Unfortunately for the residents of Southwest Ranches, Wasserman isn’t alone in ignoring her constituents interests and supporting a company with a long track record of failing to live up to its contracts.  The mayor of Southwest Ranches just basically told his constituents to pound sand, because the deal is done.  CCA owns the land, and has for a decade, so he says there’s really nothing residents can do to stop the construction at this point.  If there’s any saving grace in all of this, it might be found in Rep. Mario Diaz-Balart from Miami, who just sent a letter to ICE to demonstrate his opposition to the proposed detention center.  So there is at least one Congressperson from Florida who hasn’t been bought off by the industry yet. Read the rest of this entry →

Federal Grand Jury Investigation of the GEO Group

12:18 pm in Uncategorized by WhyIHateCCA

Federal Grand Jury Investigation of GEO Group

All the commotion earlier this year over the failed attempt to privatize 29 correctional facilities in the state of Florida sort of overshadowed the seedy history of prison privatization in the state.  You may recall from before that the FBI had launched an investigation into the circumstances that led a few powerful budget committee members to try to force through last-minute amendments to force the privatization of the Blackwater Correctional Facility, a GEO Group prison.  Kind of the same way they tried to force through the 29-facility privatization plan in a last-minute budget amendment (a deal that a court ruled was illegal according to state law).

Now the probe has developed further, with a federal grand jury reviewing evidence of corruption on the part of former Speaker of the Florida House, Ray Sansom and his dealing with the GEO Group leading up to the construction of the prison.  This whole situation is a hot mess that will hopefully reveal the rampant corruption in the state’s politics and encourage future Florida politicians to resist efforts to privatize their prison system.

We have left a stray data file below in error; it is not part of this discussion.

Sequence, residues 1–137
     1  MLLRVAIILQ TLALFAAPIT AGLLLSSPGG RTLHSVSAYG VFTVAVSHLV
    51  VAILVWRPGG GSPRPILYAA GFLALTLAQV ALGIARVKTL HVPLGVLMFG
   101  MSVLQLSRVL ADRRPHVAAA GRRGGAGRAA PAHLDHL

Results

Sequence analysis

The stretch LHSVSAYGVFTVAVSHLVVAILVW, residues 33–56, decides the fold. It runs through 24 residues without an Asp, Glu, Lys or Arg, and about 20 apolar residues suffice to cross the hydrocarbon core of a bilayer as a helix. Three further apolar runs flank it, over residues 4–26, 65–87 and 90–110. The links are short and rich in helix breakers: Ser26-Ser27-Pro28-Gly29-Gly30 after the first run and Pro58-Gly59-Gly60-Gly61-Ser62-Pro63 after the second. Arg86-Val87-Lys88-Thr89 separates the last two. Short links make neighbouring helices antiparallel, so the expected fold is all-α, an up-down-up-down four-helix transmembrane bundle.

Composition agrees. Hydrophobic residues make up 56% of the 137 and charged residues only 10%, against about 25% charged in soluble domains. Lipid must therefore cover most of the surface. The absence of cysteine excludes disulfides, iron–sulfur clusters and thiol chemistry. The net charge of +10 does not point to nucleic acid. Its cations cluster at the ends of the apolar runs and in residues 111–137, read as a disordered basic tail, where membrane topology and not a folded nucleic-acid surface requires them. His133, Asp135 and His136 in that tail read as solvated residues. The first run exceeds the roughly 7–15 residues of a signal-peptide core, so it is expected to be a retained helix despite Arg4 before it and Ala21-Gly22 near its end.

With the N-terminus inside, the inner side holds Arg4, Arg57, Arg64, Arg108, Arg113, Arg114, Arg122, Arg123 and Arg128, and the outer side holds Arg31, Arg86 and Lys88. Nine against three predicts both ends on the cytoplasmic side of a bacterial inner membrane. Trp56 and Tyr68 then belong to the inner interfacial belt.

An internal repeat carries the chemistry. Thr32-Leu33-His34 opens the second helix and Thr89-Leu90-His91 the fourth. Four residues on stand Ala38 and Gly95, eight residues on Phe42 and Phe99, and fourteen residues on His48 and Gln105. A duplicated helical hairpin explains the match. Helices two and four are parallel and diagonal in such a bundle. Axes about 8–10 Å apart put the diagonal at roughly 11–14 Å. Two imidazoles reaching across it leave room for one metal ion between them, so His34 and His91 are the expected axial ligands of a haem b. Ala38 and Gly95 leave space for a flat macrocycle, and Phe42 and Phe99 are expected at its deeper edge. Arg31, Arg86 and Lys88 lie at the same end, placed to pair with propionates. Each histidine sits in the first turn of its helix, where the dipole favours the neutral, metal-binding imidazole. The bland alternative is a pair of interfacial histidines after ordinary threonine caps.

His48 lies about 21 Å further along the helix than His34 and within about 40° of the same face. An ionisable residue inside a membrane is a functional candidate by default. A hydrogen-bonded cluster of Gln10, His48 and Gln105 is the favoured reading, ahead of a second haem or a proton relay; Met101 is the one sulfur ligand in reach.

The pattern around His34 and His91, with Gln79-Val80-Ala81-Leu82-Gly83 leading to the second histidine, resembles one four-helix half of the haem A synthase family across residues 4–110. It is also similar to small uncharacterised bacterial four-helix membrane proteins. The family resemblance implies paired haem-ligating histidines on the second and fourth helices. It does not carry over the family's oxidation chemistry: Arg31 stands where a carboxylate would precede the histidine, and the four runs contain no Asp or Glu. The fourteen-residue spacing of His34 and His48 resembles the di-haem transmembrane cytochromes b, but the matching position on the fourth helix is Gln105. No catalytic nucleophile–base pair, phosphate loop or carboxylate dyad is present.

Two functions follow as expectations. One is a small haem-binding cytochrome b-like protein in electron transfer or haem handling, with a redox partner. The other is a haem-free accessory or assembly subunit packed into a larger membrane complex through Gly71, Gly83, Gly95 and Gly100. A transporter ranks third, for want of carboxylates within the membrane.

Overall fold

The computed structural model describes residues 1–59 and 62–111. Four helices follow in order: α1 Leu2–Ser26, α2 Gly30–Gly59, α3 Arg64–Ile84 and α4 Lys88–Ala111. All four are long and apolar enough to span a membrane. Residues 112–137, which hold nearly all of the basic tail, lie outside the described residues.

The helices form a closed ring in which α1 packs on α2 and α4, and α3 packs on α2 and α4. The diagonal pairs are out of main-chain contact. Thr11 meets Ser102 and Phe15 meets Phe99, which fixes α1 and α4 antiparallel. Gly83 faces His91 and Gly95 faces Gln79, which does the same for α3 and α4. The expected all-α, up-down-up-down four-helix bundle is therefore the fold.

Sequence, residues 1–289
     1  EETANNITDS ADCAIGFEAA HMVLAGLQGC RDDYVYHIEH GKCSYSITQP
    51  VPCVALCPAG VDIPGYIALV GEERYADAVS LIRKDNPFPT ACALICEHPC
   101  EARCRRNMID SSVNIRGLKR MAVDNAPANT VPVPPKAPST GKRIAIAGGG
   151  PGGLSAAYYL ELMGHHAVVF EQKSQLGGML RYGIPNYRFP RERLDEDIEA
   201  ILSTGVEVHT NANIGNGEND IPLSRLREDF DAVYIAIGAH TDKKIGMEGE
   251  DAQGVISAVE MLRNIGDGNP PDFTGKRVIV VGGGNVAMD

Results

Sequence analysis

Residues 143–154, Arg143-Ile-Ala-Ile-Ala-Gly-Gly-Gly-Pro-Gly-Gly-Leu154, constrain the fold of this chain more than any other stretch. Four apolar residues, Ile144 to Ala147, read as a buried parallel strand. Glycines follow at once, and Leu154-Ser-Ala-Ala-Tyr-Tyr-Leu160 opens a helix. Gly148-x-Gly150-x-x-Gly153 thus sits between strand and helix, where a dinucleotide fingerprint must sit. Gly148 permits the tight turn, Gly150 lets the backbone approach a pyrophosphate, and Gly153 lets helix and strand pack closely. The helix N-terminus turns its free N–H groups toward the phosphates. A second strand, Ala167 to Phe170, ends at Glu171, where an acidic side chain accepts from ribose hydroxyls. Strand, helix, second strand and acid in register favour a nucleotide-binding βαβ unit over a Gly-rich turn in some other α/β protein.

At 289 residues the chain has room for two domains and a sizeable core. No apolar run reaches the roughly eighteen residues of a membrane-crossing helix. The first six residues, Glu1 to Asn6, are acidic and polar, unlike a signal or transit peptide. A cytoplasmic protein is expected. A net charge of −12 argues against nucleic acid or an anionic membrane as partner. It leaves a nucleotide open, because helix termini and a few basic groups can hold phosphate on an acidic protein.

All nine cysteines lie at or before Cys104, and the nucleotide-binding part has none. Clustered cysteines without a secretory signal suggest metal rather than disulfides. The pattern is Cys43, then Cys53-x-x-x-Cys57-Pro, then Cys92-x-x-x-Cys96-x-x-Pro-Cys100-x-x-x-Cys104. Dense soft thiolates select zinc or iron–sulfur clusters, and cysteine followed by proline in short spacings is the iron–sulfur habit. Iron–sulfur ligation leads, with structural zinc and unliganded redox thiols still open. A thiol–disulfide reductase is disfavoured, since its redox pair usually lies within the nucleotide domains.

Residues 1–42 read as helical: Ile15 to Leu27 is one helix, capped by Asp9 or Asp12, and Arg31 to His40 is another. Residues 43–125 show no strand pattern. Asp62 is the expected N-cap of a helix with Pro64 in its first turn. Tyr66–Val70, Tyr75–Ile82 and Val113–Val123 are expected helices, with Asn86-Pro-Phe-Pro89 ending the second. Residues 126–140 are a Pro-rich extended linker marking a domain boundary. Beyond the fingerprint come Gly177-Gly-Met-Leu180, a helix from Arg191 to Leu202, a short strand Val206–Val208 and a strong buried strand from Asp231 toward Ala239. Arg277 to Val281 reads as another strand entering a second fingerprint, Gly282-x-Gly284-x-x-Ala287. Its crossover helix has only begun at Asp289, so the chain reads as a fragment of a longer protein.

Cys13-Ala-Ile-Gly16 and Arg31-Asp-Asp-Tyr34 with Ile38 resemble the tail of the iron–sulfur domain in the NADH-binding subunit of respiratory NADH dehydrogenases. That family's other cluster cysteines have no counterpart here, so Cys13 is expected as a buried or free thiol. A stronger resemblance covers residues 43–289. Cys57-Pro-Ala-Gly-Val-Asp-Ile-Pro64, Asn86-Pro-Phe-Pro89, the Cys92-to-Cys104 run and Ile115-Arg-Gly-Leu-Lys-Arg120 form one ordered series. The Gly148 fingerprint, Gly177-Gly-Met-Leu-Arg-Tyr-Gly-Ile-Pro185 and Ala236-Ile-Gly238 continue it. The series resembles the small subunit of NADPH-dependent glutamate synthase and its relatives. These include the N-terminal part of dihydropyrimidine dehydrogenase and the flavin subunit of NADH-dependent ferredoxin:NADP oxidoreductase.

FBI Investigates Blatant Corruption in Florida

1:19 pm in Uncategorized by WhyIHateCCA

FBI Investigates Blatant Corruption in Florida

As I’ve reported on before, the GEO Group spent hundreds of thousands of dollars lobbying the Florida legislature over the past few legislative sessions, culminating first in the state’s giving them $110 million to build a prison, then turning over the correctional services of 18 counties to private control in the biggest prison privatization scheme I’ve ever seen. Thankfully, the FBI has launched an investigation into the rampant and blatant corruption that engulfed the Florida legislature surrounding these actions.

Former Budget Chief and Speaker of the House Ray Sansom, who now sits in prison on corruption and fraud charges, is one of the primary targets of the investigation. While he was budget chief, GEO gave a presentation before the legislature on a proposal to expand their services within the state. A month later, Sansom visited the corporate home of the GEO Group, supposedly on “personal business” (though this was the only trip he took there in 4 years as a representative). The month after that, he introduced a very last-minute provision into the budget bill to provide for $110 million to be appropriated to the GEO Group for the construction of what became the Blackwater Correctional Facility.

The prison was built on prison population projections that anticipated the state system would continue to grow; rather, it shrank. But the new budget chief, JD Alexander, tried to come to the rescue of the GEO Group, introducing his own last-minute budget amendment in the 2010 session to try to force the state to depopulate state prisons to send prisoners to the private one. Of course, he had received generous donations from the industry as had Ray Sansom. You just can’t make this stuff up.

Anyhoo, as I said the FBI is currently investigating the circumstances that led the state to give a multiple hundred-million dollar handout to a company with a long track record of human rights abuses and contract noncompliance. And DBA press has just released hundreds of documents obtained through the investigation that chronicle some of this sordid history.

I’m just thankful that our FBI apparently has some shred of decency left